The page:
Still, he acknowledged that the invitation list of insiders is by design.
"We always want the most comprehensive political attendance in Davos, to help support public-private cooperation, which is what we do," he said. "That inevitably means current, serving political figures. There are politicians in office now — and coming to Davos —– who reflect this emergent agenda that you've seen in the U.S."
For example, he said, leaders from Poland, Finland, Portugal and even Switzerland — where the Swiss People's Party was an early example of the shift in the political landscape — will be on hand this week.
A bevy of Mr. Trump's advisers and members of his business council are expected to attend, including Anthony Scaramucci, who joined the president-elect's White House staff as an adviser and public liaison to government agencies and businesses. He will be joined by Stephen Schwarzman, chairman of the Blackstone Group and also of Mr. Trump's President's Strategic and Policy Forum.
Four Trump cabinet nominees have been to Davos in years past: Rick Perry (energy) once; Rex Tillerson (state) three times; Robert Lighthizer (trade) 15 times; and Elaine Chao (transportation) four times.
A few people who were once anti-establishment crusaders — like Ms. May of Britain — are now insiders. And, depending how the political winds shift, more people of her ideological ilk may join the Davos class in 2018.
This is not the first time that The World Economic Forum has come under fire from critics about its globalist, free-trade message. In 2000, a group of more than 1,000 demonstrators carrying signs that said "Against the New World Order" smashed the windows of a McDonald's franchise here in Davos just down the road from the conference, protesting open trade policies espoused by then-President Bill Clinton, who was speaking at the event.
Many of today's policy makers and executives gathering here are expected to speak about the rise of populism and the need to adjust economic incentives. Hamdi Ulukaya, the chief executive of Chobani, the yogurt company, is expected to encourage business leaders to do more to address wealth building among employees; he provided shares in his company to every full-time employee, making many of them millionaires.
The question, of course, is whether those discussions can ever get beyond the theoretical for a group that is seen by many middle-class voters as out-of-touch with the real economic challenges that people face. Conversations about income inequality, for example, have long had a tinge of class envy as opposed to a real appreciation for the basic jobs and wages that people are seeking.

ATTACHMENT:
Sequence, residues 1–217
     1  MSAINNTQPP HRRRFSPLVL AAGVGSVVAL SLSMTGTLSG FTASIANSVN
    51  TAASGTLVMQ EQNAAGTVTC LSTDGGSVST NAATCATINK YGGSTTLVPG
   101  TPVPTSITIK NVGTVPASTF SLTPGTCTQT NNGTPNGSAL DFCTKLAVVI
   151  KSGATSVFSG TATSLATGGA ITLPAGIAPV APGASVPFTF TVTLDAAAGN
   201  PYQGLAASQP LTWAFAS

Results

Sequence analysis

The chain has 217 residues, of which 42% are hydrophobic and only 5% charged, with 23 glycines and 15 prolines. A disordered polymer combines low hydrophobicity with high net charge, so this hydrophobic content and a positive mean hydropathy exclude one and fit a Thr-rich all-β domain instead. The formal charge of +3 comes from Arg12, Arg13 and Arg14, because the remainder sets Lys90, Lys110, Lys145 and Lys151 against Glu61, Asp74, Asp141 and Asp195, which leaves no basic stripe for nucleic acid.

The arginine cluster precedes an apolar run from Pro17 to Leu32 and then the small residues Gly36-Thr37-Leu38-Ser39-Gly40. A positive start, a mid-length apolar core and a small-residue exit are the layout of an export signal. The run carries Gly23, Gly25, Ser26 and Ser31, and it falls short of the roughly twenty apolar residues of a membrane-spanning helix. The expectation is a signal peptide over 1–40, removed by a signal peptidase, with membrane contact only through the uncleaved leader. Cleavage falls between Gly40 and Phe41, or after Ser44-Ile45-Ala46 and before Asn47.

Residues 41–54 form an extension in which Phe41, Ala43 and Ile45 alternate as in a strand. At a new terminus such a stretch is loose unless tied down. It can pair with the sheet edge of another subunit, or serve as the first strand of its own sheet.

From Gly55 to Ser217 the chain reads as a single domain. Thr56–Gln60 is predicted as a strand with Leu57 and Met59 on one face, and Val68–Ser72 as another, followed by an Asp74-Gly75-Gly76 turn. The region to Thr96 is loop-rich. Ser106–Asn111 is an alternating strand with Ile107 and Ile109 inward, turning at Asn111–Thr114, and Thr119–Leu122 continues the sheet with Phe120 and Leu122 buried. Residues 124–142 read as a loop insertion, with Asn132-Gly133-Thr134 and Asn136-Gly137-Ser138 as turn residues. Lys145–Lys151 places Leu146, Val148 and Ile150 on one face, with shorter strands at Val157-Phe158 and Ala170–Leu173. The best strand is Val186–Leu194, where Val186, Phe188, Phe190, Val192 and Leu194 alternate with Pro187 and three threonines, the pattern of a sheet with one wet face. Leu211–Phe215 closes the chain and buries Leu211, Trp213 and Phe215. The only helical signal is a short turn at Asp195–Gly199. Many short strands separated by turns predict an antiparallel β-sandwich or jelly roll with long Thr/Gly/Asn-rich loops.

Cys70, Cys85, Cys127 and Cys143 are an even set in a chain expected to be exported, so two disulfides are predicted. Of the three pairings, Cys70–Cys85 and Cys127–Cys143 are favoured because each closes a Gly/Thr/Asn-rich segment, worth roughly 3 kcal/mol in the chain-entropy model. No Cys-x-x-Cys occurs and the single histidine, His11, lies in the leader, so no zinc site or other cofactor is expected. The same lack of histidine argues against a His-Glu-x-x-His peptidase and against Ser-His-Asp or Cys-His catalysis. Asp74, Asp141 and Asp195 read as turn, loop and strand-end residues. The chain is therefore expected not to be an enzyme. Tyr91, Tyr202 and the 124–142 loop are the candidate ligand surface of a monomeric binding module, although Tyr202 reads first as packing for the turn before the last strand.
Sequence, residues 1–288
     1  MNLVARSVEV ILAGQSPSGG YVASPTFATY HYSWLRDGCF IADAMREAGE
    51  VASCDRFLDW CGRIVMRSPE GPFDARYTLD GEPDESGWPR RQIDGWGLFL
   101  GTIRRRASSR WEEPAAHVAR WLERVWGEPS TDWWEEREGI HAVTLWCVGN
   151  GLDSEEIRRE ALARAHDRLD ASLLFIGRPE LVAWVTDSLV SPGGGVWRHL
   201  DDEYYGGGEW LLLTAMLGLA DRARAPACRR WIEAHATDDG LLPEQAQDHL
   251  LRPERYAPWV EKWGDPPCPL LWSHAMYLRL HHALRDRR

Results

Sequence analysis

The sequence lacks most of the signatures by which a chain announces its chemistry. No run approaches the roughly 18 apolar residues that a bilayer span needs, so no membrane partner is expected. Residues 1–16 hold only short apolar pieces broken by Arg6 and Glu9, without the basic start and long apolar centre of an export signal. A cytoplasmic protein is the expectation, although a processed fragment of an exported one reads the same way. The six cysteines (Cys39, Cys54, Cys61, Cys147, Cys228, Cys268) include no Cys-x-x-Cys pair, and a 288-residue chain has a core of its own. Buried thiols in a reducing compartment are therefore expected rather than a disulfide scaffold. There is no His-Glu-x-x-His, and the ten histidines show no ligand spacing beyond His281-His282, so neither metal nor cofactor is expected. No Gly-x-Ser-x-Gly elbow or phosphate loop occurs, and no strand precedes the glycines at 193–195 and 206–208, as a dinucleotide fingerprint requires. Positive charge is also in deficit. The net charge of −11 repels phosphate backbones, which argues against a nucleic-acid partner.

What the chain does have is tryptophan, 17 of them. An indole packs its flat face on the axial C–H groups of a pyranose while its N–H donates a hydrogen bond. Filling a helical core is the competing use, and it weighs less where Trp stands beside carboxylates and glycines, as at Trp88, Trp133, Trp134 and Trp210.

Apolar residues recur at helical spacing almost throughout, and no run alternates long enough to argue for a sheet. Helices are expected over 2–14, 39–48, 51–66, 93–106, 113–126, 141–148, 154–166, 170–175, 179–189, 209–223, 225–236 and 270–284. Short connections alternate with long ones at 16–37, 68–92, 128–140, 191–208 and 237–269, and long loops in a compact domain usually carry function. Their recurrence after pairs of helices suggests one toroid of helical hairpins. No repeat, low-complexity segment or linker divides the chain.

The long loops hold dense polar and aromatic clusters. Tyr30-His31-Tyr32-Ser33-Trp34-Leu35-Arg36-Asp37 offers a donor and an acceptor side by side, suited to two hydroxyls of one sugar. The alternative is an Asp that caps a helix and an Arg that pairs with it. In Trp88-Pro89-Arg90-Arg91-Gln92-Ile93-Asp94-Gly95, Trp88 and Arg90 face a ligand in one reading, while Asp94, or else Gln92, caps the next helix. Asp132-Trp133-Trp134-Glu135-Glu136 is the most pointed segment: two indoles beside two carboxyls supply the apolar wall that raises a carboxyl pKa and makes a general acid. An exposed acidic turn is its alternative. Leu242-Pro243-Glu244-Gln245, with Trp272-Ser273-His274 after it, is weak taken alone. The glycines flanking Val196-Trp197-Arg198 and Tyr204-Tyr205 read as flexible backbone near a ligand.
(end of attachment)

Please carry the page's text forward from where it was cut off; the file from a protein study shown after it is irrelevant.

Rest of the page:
Still, with the word "Davos" being tossed around as an epithet, some politicians are staying away from the Alps this year. Ms. Merkel, for example, has passed on attending now for two years in a row, amid continued criticism among German voters that she is too much of a globalist.
So why do so many policy makers and executives still covet an invitation? Because Davos remains the world's one-stop-shop to meet leaders from all corners of the globe. And despite the critiques of the gathering, a remarkable amount of business — both political and corporate — takes place behind the scenes.
One thing is sure: The predictions made here — known as the "Davos consensus" — have a tendency to turn out to be wrong. Mr. Trump, with very few exceptions, was largely written off last year as a bad joke.
"If you bother to read some of the serious analysis of Trump's support, you realize that it's a very fragile thing and highly unlikely to deliver what he needs in the crucial first phase of the primaries," said Niall Ferguson, the historian predicted at Davos in 2016, according to Bloomberg News. "By the time we get to March-April, it's all over. I think there's going to be a wonderful catharsis, I'm really looking forward to it: Trump's humiliation. Bring it on."